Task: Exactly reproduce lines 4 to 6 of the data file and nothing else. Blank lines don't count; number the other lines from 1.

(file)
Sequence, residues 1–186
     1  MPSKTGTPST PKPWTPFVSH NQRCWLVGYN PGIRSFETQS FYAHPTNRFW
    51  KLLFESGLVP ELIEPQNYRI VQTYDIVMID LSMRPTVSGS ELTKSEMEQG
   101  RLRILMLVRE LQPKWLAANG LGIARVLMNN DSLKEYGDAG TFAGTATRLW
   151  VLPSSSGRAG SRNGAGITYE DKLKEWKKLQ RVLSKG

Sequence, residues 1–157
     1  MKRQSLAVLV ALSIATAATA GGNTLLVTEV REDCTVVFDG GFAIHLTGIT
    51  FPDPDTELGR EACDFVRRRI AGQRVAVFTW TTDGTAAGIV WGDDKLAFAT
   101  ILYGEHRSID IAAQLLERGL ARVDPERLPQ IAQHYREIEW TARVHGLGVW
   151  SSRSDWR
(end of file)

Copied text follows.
   101  RLRILMLVRE LQPKWLAANG LGIARVLMNN DSLKEYGDAG TFAGTATRLW
   151  VLPSSSGRAG SRNGAGITYE DKLKEWKKLQ RVLSKG

Sequence, residues 1–157